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July 14, 2006
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Volume 34
Issue 28
 
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Dark humor runs through this disturbing tale by author Phillip K. Dick
Dark humor runs through this disturbing tale by author Phillip K. Dick
by Rajkhet Dirzhud-Rashid - SGN A&E Writer

A Scanner Darkly

Directed by: Richard Linklater

Voiceovers by: Keanu Reeves, Robert Downey, Jr., Woody Harrelson

Winona Ryder, Rory Cochrane

Opened: July 7th

Egyptian Theater

I'm sure I'm not the only one who's noticed that Holly-weird seems to be on the animated feature kick of late. In the last couple of months, there've been at least one a week, some worth seeing (in my humble opinion, and some not). My thought is that it's cheaper and easier to get actors to do voiceovers and to draw in sets, rather than hire big names for big bucks and use pricey sets. Remember that you heard it here first.

Still, as someone who grew up loving both comic books and science fiction, I occasionally will wander into the theater to see an animated feature on the big screen. And I have to say I wasn't disappointed with the fare dished up by director Richard Linklater (the provocative animated feature from a few years back, 'Waking Life' was his), in his treatment of fave sci-fi writer Phillip K. Dick's ('Do Androids Dream of Electric Sheep', which later became the classic, 'Bladerunner') 'A Scanner Darkly'. In fact, I saw it twice, at two different screenings, and have to say, it's a definite winner, animated or not.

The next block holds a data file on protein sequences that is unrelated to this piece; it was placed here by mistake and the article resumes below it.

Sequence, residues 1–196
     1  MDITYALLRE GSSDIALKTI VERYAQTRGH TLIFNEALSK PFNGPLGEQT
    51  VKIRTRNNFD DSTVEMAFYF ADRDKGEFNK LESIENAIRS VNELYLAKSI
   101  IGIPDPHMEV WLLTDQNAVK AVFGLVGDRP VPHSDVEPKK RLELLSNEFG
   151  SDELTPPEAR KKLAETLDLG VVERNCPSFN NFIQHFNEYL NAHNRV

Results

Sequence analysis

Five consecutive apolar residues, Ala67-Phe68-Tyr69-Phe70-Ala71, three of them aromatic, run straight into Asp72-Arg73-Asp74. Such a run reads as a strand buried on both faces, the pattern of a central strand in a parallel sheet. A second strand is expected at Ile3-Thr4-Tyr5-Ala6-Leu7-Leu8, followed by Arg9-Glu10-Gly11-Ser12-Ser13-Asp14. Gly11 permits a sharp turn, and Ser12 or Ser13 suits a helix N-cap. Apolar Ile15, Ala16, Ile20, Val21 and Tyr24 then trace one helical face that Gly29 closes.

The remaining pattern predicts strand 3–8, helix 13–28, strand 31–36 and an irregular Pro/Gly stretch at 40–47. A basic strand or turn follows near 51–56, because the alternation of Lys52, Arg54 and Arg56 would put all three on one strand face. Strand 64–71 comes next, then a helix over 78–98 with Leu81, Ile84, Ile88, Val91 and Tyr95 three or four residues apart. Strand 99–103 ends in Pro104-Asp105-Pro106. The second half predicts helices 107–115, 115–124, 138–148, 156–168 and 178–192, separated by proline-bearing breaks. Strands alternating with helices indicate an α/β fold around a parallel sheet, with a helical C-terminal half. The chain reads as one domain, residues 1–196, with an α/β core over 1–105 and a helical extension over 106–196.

The process used for this very life-like looking feature is called 'rotoscoping', but I won't go into all of that, but tell you that the story, set in the future, California, is not only typical Phil Dick witty, but also darkly humorous in parts. Following the plotline of a futuristic law enforcement agency (not too different from the ones that exist today, really), surveilling a group of loser, druggie types who are supposed to be connected to some larger drug/terror organization, 'Scanner' gives the audience a possible future, where the hunt for drug dealers and the elimination of 'dangerous drugs' become society's main focus. And with out current, terror-obsessed government, couldn't that happen, and maybe it's happening already.

I especially liked the way little asides by the characters and certain behaviors reminded me of my past using days, and how silly it all looks in retrospect, particularly in this film. Linklater gives life to a story that makes not only sense to me, but offers characters that are at once likeable, and reprehensible, and also doomed by their own addiction. Only the clearer note in this film, is how everyone around them, even 'the good guys', are caught up in the same addictive cycle of cynicism, paranoia and inner dogma.

I loved this film, and for the effect, if for no other reason, I'd say this is one to see in a theater. Hey, if only to take someone who's 'been there', and nudge each other wryly over the many drug references and often hilarious 'doings' of these four losers.

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